Why Rescue?

Created+with+GIMP
Back to Article
Back to Article

Why Rescue?

Created with GIMP

Created with GIMP

Emily Chen

Created with GIMP

Emily Chen

Emily Chen

Created with GIMP

Alyssa Rave, Staff Writer

Animals are precious creatures that unfortunately face overpopulation and euthanization in shelters. Pet mills and illegal breeding add to the fire of the crisis, but there are so many more reasons to support animal adoptions. The statistics involving euthanization and abandonment rates are shockingly depressing. It’s no secret that there are billions of strays and shelter animals around the world. The overpopulation of dogs and cats in the U.S. alone is clear, with no kill, low-kill, and high-kill shelters set up in each state.

Over 2.6 million dogs and cats were annually euthanized in U.S. shelters in a study that ended in 2011—2.6 million loving lives gone. Currently, the average euthanization rate in the U.S. is 1.6 million animals per year. This decline was only caused by new state laws that regulated mass breeding and the largest euthanization year recorded, with 3.5 million shelter animals put to death. These disturbing statistics don’t even account for starving strays roaming the streets or for the existence of pet mills.

Shelters often overflooded with lonely animals that remain in the shelter system their whole lives for no legitimate reason. Pet mills continuously produce more and more animals at unhealthy rates in unsanitary conditions, but the mills remained virtually untouched due to the business they can make with pet shops and online exchanges. Unfortunately, because the main selling point of mill animals is usually that they’re “pure”, there’s been a lasting stigma around mixed breeds that have prevented shelter animals from getting as much commercial attention. Thankfully, lawmakers have begun to fight against this problem by passing bills such as the California Bill AB 485 that prevents pet mills from turning to pet stores as retail outlets.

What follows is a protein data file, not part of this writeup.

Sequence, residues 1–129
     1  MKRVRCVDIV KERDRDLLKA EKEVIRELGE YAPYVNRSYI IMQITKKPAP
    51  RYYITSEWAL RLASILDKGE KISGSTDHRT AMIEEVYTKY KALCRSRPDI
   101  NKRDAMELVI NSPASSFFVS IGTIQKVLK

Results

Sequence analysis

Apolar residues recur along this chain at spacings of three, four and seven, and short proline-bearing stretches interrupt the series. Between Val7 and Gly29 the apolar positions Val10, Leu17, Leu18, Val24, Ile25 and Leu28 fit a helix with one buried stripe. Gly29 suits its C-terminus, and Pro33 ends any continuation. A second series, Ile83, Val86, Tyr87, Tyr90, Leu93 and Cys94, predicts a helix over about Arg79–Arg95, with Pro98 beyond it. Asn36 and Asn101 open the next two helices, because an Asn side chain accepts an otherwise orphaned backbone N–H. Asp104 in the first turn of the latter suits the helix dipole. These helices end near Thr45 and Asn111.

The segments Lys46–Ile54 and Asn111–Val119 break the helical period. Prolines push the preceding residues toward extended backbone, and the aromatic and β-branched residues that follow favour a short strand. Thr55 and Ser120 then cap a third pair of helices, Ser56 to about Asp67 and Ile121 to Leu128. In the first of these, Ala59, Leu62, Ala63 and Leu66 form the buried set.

With such measures slowly being introduced to the nation, citizens can hopefully be more inclined to purchase, adopt, and rescue the abundance of loving animals living in shelters. Why not rescue? When an animal is adopted, the adoption fee can cover a neuter, microchip, and vaccinations. For every 7 million animals that enter shelters, 4 million will be euthanized, so why shouldn’t we focus on the obviously horrible statistics regarding the shelters? Only 20% of the pets in the U.S. are adopted, but the usual excuses to get out of adopting are basically myths. Even in shelters, 25% of the animals are purebred and almost all of the animals were abandoned by their previous owners.

Instead of discussing the horrid statistics, get involved. Abused, neglected, abandoned, and lonely shelter animals can’t wait to escape the shelters and the risk of euthanasia. So many animals shouldn’t have to be a statistic, but be a life.

Graphic by EMILY CHEN